A version of the Stress Appraisal Measure (SAM) developed by Peacock and Wong (1990) was included as a measure of primary appraisal. The original version of this measure is designed to assess the individual's perceptions of a specific, anticipated event. The measure used here was modified so that the participants were asked to respond retrospectively, i.e. to describe a significantly stressful event that had occurred to them in the last few weeks. The 12 item measure incorporated a 5 point response scale with responses ranging from `not at all' to `extremely'. High scores indicate high levels of primary appraisal. The internal consistency (Cronbach's alpha) for this scale was .73.
The neuroticism scale of the Eysenck Personality Inventory (EPI-N; Eysenck & Eysenck, 1968)was included as a measure of negative affectivity. The scale was developed as a measure of the degree to which people worry, are anxious or are pessimistic and is a widely accepted measure of negative affectivity (Watson & Clarke, 1984). This study used the shortened 12 item scale (Eysenck, Eysenck & Barrett, 1985) with a 4 point response scale ranging from `almost never' to `almost always'. High scores indicate high levels of negative affectivity. An acceptable internal consistency estimate (Cronbach's alpha) of .87 was obtained.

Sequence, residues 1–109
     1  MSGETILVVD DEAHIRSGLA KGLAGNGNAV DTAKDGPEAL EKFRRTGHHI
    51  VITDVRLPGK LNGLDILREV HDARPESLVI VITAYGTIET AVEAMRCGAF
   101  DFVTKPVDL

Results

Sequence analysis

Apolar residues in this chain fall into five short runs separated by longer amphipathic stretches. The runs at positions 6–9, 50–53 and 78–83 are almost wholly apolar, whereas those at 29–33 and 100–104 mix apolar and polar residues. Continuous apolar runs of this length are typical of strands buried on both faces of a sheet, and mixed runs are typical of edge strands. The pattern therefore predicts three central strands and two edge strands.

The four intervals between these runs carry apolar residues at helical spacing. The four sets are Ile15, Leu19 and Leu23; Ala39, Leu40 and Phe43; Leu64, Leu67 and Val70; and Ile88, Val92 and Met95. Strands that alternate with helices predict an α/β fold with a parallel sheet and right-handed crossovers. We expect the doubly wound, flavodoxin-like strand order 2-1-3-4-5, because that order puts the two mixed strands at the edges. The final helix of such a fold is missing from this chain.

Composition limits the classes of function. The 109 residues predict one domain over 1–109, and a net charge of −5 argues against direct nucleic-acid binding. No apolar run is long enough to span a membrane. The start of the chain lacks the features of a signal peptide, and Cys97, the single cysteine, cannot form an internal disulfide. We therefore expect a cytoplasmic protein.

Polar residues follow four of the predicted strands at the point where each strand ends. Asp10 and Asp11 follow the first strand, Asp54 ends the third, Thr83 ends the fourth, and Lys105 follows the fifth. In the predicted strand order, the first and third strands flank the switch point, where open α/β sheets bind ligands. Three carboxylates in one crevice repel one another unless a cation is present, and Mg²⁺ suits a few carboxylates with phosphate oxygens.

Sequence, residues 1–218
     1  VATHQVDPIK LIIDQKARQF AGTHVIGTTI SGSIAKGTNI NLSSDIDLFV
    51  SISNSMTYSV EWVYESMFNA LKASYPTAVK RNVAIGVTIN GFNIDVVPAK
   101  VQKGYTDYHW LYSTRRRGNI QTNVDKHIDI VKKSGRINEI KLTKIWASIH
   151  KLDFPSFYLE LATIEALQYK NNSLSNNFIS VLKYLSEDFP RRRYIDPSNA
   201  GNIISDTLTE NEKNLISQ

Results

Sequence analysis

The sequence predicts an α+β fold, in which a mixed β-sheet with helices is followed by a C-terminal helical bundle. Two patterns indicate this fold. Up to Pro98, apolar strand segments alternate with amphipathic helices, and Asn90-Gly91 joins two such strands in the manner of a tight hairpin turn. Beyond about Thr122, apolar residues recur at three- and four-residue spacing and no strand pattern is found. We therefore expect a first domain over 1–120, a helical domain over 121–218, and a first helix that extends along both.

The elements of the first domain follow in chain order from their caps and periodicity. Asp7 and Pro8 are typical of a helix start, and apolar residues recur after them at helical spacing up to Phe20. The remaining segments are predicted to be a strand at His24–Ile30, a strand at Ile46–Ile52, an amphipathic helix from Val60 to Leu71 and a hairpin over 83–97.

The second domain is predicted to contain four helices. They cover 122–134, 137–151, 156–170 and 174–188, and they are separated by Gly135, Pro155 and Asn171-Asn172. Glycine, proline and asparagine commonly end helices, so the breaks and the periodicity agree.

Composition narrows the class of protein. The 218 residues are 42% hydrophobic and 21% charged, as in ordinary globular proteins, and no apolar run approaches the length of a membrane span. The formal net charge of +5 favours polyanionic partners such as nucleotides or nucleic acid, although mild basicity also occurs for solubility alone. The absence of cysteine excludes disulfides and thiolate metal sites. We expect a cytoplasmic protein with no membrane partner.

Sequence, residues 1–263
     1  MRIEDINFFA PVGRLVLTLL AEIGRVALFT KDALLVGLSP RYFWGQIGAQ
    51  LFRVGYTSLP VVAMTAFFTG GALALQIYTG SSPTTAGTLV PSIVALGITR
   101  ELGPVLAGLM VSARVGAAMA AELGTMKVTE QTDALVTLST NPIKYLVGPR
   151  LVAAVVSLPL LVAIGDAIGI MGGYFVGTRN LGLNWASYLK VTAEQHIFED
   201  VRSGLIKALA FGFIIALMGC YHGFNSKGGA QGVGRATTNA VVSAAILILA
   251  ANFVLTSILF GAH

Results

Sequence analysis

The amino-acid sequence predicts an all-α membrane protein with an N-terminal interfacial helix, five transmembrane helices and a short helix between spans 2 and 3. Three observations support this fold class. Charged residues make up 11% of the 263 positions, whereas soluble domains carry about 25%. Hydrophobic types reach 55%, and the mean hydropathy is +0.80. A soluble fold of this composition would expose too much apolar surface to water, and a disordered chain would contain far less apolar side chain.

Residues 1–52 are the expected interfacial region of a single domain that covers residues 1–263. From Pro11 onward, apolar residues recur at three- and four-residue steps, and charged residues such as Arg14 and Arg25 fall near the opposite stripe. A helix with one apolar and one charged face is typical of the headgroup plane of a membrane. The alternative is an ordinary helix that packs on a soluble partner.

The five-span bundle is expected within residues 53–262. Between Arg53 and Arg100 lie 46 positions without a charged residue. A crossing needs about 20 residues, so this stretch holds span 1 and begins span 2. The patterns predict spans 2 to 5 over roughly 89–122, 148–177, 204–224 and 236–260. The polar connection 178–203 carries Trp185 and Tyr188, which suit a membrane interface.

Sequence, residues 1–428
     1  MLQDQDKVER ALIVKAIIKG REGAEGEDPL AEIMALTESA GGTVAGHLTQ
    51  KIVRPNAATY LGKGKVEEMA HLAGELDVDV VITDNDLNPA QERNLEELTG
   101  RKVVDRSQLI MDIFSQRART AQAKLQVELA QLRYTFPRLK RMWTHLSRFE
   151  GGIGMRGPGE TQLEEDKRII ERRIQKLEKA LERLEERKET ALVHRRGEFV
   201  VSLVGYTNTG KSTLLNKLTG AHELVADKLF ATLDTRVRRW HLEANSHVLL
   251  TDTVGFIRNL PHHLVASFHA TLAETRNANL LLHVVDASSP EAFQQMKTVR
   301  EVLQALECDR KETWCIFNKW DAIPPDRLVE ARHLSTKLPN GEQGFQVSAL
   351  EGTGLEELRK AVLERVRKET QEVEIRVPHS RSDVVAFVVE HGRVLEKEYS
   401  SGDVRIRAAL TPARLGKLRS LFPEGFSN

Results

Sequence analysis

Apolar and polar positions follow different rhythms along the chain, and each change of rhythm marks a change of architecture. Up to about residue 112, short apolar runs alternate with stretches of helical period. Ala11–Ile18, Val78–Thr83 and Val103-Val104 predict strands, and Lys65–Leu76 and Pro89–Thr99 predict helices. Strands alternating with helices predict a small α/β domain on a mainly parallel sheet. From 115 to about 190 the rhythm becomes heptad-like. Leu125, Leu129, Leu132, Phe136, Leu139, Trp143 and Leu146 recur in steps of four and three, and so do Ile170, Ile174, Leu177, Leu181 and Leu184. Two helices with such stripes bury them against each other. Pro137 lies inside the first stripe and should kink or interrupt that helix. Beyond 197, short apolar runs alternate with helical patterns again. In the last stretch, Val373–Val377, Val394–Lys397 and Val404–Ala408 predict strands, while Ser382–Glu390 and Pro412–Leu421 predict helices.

Psychological well-being was measured with the 12 item General Health Questionnaire (GHQ-12; Goldberg, 1978). The GHQ is designed to detect minor mental health disorders and is widely used in both clinical and occupational settings (e.g. Banks et al, 1980; Parker, Wall & Myers, 1995). Respondents were invited to answer the twelve questions via a consideration of their psychological well-being behaviours over the past few weeks. The respondents indicated their answers on the scale, by choosing one of four answer alternatives: `Better than usual', `Same as usual', `Less than usual' and `Much less than usual'. High scores indicate poor psychological well-being. An acceptable internal consistency of .87 was obtained for this measure.